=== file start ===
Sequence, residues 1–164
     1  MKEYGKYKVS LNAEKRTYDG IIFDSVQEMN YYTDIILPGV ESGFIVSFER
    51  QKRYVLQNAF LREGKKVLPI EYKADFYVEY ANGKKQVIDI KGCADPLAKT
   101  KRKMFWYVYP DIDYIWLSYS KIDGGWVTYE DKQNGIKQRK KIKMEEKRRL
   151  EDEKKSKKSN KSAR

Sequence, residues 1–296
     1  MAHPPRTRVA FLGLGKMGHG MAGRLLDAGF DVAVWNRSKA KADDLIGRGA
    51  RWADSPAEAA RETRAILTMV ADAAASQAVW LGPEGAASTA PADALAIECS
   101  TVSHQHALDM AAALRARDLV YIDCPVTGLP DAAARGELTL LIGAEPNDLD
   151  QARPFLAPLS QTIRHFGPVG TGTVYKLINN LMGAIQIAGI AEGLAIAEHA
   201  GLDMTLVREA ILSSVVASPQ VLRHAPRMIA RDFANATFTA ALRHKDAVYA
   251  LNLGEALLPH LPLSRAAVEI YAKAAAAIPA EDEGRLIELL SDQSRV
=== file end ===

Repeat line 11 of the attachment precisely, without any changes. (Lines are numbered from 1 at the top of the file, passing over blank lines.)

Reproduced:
   201  GLDMTLVREA ILSSVVASPQ VLRHAPRMIA RDFANATFTA ALRHKDAVYA